With the advent of big data rose the fame of Apache Spark. One of the most reliable and fast large-scale data processors, Spark is not new to the world of gigabytes and terabytes of number crunching and processing. In the last one and a half-decade, as the years unfolded, devices got smaller and more personal while user data got larger and more accessible. And one of the heroes of this revolution was Apache with its distributed file systems-based software and contribution to the open-source community.
The Spark became an instant hit with its ability to process huge sums of data and derives immense and detailed analysis out of these dates like never before. At that point, it made its way to the next revolution in the making, artificial intelligence; specifically deep learning or as people call it ‘the black box’. But it doesn’t make sense, does it?
Spark is a data analytics engine, what help can it provide on a neural network, for example? Why do you even need Spark that supports a cluster of systems while deep learning is essentially a single-node application? What are you gaining in the long run after all? And most importantly, when is it efficient to use Apache Spark for Deep Learning.
When is Apache Spark good enough for Deep Learning?
When You Want A Quick Implementation
In the new era of gigs of data being released by every user every day, storage, maintenance and retrieval of data poses a challenge to all organizations and companies, let alone processing that data through deep learning. To solve this problem, Apache Spark Implementation came out with advanced and incredibly fast solutions than ever before.
A great example would be of a simplified version of MapReduce that reduced the time and complexity of big data processing. Not only have that, data scientists often stated that the way to a good deep learning model is through systematic analysis of the raw data. Spark has an edge over every other engine here as well. With its unique and powerful analytics engine, it virtually eliminates the bottleneck of hefty work of data preprocessing.
It’s versatility also plays an important role in its adoption. From the creation of SQL data pipelines to applying machine learning models, it can fulfil a range of heavy functions.
When You Want To Indulge In Hyperparameter Tuning
This is one of the most integral techniques of a successful deep learning model. Some form of input, usually pictorial or sequence-based (such as images, sounds or videos) is taken by the model and mathematical operations on them are applied once they are ‘convolutionalized’ or transformed in general. This is done to facilitate conversion to a form that can be worked on by neural networks (a very simplified approach to how our brain works with data) or artificially intelligent models of similar kinds.
The true hold up in the past years has been that, even though hyperparameter training is possible in a parallel manner, the neural network as a whole is a sequential process. Here comes the role of Spark, its fault-tolerant distributed drive can not only drive the model faster by performing parallel computations but also increase the accuracy. This has made Apache Spark Implementation immensely popular.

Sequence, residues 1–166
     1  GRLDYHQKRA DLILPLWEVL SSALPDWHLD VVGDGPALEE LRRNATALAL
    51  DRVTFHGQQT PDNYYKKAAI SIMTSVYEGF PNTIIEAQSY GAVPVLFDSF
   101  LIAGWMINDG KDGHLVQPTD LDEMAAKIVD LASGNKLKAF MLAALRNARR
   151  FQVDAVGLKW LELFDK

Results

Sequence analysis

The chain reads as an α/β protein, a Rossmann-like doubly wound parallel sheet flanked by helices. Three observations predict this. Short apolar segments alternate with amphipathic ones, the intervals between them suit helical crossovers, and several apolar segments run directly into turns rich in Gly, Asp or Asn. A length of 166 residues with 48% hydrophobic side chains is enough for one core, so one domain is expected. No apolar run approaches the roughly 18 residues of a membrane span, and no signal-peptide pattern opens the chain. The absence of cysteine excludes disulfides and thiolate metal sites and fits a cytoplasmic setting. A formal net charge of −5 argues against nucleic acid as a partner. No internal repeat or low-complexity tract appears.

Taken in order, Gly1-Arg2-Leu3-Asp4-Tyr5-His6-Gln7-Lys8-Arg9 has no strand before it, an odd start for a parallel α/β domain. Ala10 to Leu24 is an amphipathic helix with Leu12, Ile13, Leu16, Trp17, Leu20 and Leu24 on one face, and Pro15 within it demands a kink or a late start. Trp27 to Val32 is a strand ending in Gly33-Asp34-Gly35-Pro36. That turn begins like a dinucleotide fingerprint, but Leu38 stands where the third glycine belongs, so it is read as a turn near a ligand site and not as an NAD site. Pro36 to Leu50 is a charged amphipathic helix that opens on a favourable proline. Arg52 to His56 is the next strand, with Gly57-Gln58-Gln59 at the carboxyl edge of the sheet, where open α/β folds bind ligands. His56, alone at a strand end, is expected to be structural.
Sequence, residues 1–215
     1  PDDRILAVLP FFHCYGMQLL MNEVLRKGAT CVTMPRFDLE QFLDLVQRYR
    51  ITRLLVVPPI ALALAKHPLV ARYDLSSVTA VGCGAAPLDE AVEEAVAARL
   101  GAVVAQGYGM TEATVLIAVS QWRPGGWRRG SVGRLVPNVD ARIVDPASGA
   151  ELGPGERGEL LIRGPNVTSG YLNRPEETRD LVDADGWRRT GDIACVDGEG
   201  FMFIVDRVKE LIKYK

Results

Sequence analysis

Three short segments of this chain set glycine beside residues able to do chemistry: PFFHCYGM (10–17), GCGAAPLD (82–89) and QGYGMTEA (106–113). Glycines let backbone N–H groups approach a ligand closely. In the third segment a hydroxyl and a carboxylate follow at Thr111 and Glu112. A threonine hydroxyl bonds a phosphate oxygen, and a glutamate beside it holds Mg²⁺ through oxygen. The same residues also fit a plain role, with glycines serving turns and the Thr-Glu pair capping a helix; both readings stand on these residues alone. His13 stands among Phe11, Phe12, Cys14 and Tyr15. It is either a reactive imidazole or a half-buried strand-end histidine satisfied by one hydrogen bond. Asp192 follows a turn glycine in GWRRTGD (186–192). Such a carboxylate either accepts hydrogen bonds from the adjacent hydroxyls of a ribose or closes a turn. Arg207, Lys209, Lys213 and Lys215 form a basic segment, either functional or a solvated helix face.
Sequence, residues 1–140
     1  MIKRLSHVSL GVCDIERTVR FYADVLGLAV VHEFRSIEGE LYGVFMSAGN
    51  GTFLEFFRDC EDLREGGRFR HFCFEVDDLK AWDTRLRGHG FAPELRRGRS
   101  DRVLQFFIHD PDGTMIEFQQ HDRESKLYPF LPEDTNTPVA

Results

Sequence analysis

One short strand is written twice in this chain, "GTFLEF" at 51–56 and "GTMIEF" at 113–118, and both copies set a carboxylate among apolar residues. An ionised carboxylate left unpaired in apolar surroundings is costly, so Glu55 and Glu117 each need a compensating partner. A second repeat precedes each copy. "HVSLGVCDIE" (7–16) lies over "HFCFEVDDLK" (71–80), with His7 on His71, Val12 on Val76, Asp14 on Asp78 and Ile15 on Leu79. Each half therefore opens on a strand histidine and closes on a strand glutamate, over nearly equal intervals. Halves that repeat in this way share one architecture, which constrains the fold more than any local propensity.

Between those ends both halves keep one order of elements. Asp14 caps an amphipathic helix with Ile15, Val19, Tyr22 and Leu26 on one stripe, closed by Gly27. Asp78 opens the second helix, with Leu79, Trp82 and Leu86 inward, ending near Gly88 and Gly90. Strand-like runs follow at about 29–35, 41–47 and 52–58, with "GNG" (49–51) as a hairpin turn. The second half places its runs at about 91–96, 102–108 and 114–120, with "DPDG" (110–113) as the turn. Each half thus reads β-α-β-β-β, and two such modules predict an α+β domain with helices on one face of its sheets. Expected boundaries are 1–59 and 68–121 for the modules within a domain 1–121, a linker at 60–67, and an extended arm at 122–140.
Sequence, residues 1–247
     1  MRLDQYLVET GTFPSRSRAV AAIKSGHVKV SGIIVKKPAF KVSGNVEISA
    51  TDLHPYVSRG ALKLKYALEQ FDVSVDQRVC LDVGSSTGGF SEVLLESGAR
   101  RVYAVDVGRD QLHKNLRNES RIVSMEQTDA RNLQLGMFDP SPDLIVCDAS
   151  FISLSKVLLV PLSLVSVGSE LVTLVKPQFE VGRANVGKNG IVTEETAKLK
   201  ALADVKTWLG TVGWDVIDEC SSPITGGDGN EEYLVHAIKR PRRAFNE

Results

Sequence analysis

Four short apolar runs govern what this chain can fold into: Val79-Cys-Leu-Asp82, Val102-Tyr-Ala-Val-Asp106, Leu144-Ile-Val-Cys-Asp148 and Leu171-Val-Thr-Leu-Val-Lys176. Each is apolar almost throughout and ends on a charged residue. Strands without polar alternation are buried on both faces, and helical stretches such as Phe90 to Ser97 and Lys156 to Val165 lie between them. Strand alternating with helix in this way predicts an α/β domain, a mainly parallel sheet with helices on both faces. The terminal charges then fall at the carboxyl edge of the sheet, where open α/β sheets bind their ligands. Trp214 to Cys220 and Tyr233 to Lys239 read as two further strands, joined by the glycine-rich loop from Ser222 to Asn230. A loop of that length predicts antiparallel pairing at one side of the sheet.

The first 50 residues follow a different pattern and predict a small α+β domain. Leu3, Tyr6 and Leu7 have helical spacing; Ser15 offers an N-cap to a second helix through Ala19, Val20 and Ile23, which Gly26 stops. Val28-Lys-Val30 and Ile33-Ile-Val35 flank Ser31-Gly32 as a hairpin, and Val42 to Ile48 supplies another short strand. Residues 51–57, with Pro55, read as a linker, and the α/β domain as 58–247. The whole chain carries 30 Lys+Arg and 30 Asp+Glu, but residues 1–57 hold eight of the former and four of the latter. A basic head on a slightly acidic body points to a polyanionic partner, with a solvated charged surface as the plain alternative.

Due to Apache Spark, on an average, the accuracy has increased on the same implementations on data sets by at least 30% while finishing the task up to seven times faster.
When Deploying Deep Learning Models On Big Data
Spark provides an incredible advantage over the centralized deployment of deep learning models. In this scenario, models are directly deployed within pipelines to perform heavy computations on each dataset. Spark’s distributive mechanism enables to send the parameters to the required location in a particular cluster first.
Now since the model has finally reached each node of the system, the parameters are finally processed with the actual input. After that it was specifically engineered to handle big data, running deep learning models on them become a piece of cake.
When NOT to USE Spark for Deep Learning
When You Know CUDA and Want The Greatness Of GPU
CUDA is the industry dominant framework for applying deep learning models on big data. So if you already know how to work with CUDA (which is extremely complex) and want an optimal, high performing flexible programming experience, you should skip using Spark and go for something comparatively more sophisticated.
When You Don’t Care About Working In Scala/Java/Python
If you fall into this category, chances are you can already handle CUDA/GPU. CUDA, a parallel computing platform and application program interface, has been developed by Nvidia. If you have an Nvidia graphics card in your system, chances are you would love to exploit it using CUDA. In this case, you should chuck out other languages and should step out of your comfort zone to learn/use CUDA.
When You Are Out Doing Research
Research scientists say Spark is a tool for babies. Probably, they aren’t far from the truth. Spark is great for prototyping and testing your product, but it is in no way at par with the emerging technologies. If you are a researcher and are writing a paper on most cost or energy-efficient platforms, this is not the right option for you.
If you’re aiming to be the next tech hero in beating Google’s 14000-Machine Brain at recognizing Jennifer Aniston, you would do better not to touch Spark.
In conclusion, it may be said that while Spark is a powerful tool, it has its limitations being open source. However, you can still browse SparkNet which is used in training deep neural networks and check if it satisfies your needs.